The Satirical Utopia in “Gulliver’s Travels”

From The Lecture Series: Great Utopian and Dystopian Works of Literature

By Pamela Bedore, Ph.D., University of Connecticut

In Gulliver’s Travels, Jonathan Swift employs many modes of humor. He evokes the laughter of incongruity in the first two books. He shows the foibles of European law and society from the perspective of the traveler abroad. And, in the end, he leaves us with the laughter of disruption.

An illustration of Gulliver and the Lilliputians.

With its use of journeys, detailed description of strange societies and people, and an openly unreliable narrator, Thomas More’s Utopia provided great inspiration to Gulliver’s Travels. (Image: Eugene Ivanov/Shutterstock)

In his essay, A Modest Proposal, Jonathan Swift suggests that the destitute Irish might raise funds by selling their children as food for the wealthy.

Swift suggests a number of different ways to prepare such a cannibalistic feast, fully lampooning the unfair treatment of the poor and also the utter lack of empathy in ideas of social engineering circulated in the day. Gulliver’s Travels isn’t quite that dark or angry, but it isn’t exactly a walk in the park either.

This is a transcript from the video series
Great Utopian and Dystopian Works of Literature. Watch it now, on The Great Courses Plus.

Utopia in Gulliver’s World

Gulliver’s Travels is narrated by Lemuel Gulliver, a family man who loves the sea and visits four extremely strange lands. Like many satirical utopias, this book is hard to categorize, employing and often mocking conventions from travelogues, political philosophy, and even utopia.

Gulliver asks us to look out for the similarities with Thomas More’s Utopia in the preface. He bemoans the fact that some readers think the Houyhnhnms and Yahoos of his adventures are no more real than the Utopians of More.

Names matter in this book. And there’s some disagreement even about the name Gulliver. Are we supposed to look down at him from the start because his name is so close to gullible? Or, are we supposed to sympathize with him as he goes through fairly horrific adventures? Or, are we supposed to question our own gullible natures in paying attention to anything this obvious fabricator tells us?

Learn more about the definition and origin of utopia.

Gulliver in Lilliput and Brobdingnag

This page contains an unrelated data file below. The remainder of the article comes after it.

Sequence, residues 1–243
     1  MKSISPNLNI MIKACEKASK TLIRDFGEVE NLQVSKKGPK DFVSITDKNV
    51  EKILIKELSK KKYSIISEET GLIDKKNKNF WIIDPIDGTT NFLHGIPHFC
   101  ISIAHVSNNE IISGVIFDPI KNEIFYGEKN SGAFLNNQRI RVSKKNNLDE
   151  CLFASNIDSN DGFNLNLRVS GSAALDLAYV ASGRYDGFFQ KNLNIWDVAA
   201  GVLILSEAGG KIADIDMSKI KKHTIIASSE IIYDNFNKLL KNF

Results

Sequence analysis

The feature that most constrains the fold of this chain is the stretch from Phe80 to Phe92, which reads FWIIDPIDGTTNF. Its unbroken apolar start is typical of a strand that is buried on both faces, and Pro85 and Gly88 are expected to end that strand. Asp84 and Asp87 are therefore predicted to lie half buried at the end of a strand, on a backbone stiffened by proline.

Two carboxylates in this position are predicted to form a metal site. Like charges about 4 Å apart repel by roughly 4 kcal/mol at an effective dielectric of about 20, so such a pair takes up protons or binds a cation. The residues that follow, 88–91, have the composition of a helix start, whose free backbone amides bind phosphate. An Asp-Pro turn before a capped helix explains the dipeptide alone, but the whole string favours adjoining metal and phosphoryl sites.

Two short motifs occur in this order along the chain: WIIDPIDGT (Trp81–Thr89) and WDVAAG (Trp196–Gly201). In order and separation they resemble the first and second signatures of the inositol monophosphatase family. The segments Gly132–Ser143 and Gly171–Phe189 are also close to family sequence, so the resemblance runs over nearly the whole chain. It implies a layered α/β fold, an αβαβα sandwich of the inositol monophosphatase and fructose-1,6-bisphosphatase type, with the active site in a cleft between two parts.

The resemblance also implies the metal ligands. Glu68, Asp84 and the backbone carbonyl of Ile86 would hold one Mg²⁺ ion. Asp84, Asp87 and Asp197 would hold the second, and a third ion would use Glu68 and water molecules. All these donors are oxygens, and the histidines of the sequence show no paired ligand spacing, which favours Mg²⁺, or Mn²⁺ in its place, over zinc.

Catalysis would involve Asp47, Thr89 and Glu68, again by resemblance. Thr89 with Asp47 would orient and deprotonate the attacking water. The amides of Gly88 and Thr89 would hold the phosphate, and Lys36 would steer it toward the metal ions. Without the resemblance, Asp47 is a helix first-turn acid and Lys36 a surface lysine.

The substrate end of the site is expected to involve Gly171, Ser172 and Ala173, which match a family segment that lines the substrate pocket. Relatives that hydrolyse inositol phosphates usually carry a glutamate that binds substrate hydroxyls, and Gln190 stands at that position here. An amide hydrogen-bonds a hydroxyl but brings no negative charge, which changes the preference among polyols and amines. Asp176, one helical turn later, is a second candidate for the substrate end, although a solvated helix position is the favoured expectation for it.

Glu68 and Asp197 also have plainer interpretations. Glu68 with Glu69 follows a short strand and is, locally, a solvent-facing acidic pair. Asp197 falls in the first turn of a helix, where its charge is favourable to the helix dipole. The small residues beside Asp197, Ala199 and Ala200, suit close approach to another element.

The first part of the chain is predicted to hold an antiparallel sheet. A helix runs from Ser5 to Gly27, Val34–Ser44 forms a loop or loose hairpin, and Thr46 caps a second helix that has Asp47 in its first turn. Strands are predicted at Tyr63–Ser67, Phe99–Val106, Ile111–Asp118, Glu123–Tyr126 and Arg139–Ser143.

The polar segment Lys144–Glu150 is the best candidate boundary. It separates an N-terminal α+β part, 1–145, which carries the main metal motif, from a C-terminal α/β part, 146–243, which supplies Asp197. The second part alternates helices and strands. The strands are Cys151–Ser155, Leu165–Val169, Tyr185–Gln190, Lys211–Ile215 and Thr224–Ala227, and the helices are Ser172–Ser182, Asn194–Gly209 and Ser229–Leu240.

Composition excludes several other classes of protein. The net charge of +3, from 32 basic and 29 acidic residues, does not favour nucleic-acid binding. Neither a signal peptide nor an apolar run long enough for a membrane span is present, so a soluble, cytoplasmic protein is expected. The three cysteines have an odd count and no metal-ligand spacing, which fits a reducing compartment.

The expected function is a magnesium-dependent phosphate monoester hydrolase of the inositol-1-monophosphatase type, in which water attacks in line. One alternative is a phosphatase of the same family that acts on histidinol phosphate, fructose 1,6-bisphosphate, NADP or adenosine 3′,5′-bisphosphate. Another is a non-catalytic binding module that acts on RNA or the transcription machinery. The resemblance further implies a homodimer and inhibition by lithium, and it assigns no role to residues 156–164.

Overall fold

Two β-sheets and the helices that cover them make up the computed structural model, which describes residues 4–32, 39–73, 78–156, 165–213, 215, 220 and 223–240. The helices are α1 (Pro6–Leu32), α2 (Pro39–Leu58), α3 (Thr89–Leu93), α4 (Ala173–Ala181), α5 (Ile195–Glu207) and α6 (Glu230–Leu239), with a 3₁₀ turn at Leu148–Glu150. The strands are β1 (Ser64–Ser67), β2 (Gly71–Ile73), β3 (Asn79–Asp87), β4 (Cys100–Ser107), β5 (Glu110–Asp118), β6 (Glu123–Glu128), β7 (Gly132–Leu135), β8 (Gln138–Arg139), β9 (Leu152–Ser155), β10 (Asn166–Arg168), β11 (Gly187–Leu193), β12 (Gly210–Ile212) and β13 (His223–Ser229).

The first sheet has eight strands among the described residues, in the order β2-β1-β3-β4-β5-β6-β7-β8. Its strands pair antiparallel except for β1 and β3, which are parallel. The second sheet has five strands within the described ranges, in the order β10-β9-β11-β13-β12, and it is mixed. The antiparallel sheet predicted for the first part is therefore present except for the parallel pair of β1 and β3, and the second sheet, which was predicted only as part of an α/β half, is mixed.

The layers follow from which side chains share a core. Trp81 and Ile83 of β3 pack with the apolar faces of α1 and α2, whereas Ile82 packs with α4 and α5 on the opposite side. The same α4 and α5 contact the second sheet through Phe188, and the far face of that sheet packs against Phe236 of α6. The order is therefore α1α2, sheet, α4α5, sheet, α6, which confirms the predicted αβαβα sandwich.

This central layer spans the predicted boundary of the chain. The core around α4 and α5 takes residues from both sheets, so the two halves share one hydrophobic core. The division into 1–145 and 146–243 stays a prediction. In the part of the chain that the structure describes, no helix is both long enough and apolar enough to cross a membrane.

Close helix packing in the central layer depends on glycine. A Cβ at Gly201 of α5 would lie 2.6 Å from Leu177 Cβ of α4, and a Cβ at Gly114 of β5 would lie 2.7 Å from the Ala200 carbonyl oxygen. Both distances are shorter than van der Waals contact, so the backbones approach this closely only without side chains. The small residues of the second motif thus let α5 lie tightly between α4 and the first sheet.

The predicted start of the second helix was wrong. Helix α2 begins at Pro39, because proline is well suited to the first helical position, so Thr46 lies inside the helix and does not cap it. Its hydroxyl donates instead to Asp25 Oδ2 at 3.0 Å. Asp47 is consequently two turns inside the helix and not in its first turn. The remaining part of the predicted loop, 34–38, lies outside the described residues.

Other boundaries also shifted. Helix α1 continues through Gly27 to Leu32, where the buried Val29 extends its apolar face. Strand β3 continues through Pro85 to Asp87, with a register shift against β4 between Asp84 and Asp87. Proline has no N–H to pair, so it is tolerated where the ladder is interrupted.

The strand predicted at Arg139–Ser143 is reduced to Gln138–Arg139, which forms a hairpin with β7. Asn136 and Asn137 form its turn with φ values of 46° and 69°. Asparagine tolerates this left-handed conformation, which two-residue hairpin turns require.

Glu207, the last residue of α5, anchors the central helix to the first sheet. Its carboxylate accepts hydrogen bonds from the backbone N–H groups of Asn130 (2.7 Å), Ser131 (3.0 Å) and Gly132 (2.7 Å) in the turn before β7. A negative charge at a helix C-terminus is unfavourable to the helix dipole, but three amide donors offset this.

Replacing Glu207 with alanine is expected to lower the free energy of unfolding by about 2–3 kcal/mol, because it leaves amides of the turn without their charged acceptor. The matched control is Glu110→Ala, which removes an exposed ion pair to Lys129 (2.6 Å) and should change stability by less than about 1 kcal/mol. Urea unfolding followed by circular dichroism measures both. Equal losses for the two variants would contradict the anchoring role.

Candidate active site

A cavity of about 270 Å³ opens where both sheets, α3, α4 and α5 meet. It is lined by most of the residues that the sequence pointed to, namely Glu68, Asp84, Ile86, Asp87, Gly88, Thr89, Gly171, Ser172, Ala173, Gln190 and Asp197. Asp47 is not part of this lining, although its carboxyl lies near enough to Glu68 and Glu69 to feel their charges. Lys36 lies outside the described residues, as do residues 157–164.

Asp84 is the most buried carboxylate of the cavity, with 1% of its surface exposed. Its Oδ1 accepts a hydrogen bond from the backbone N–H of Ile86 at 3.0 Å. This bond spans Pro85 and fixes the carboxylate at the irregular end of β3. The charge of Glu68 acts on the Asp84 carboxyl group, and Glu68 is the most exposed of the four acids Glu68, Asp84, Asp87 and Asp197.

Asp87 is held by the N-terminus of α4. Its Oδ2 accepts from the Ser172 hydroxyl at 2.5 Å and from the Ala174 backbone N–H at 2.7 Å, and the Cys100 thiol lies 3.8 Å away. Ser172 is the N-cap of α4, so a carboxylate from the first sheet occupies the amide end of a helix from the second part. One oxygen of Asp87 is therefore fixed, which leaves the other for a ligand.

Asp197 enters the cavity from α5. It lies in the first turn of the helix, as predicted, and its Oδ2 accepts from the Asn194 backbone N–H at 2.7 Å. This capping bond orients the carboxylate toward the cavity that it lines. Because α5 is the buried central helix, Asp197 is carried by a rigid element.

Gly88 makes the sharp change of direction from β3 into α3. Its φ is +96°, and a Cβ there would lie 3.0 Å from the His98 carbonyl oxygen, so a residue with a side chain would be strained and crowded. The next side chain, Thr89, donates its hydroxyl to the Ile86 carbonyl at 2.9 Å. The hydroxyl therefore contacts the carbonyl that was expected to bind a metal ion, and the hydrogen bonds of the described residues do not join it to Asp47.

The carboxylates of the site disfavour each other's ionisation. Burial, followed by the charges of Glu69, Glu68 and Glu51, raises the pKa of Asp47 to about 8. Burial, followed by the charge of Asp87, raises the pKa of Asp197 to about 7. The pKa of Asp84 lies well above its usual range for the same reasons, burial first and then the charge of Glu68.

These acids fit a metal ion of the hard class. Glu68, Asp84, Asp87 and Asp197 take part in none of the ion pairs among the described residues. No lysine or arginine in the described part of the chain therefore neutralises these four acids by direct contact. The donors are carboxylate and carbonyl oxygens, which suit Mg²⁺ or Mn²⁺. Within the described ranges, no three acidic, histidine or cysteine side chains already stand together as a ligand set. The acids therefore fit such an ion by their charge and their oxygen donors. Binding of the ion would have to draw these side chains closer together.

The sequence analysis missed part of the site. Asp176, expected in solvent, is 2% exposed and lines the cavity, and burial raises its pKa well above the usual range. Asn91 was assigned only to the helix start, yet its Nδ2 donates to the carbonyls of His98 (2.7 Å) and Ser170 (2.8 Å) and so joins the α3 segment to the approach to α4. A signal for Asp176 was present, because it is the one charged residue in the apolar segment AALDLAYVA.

Engraving titled "Gulliver and the Lilliputians" by Jean Grandville.
Gulliver is a terrifying giant in Lilliput. (Image: Oleg Golovnev/Shutterstock)

In Lilliput and Brobdingnag, Gulliver meets creatures who are exactly like humans except for their size. The Lilliputians are only six inches tall, making him a terrifying giant.

The inhabitants of Brobdingnag, on the other hand, are 72 feet tall with appropriately sized surroundings. This makes Gulliver a little pet to be showcased at freak shows with his miniscule voice and his ability to live in the equivalent of a matchbox.

Some of the laughs are pretty silly. Gulliver is charged with treason in Lilliput when there’s a terrible fire in the queen’s quarters and he puts it out by urinating on it.

In Brobdingnag, on the other hand, he is traumatized when he’s placed astride a giant woman’s nipple. This is a bit creepy and leads to incongruous and uncomfortable laughter.

The Utopian World of Lilliput and Brobdingnag

Neither of these lands is particularly utopian, although they are better in many ways than England. Gulliver learns this when he finds himself at a loss to justify European customs and behaviors to the rulers of these new lands.

In Book 3, Gulliver visits the fantastic flying island of Laputa and surroundings. The author satirizes the everyday lives and customs of Europeans, focusing especially on the over-reliance on scientific teaching and the obsession with death. In Glubbdubdrib, Gulliver meets a necromancer, and in neighboring Luggnagg, he learns of the rare struldbrugs, or immortals.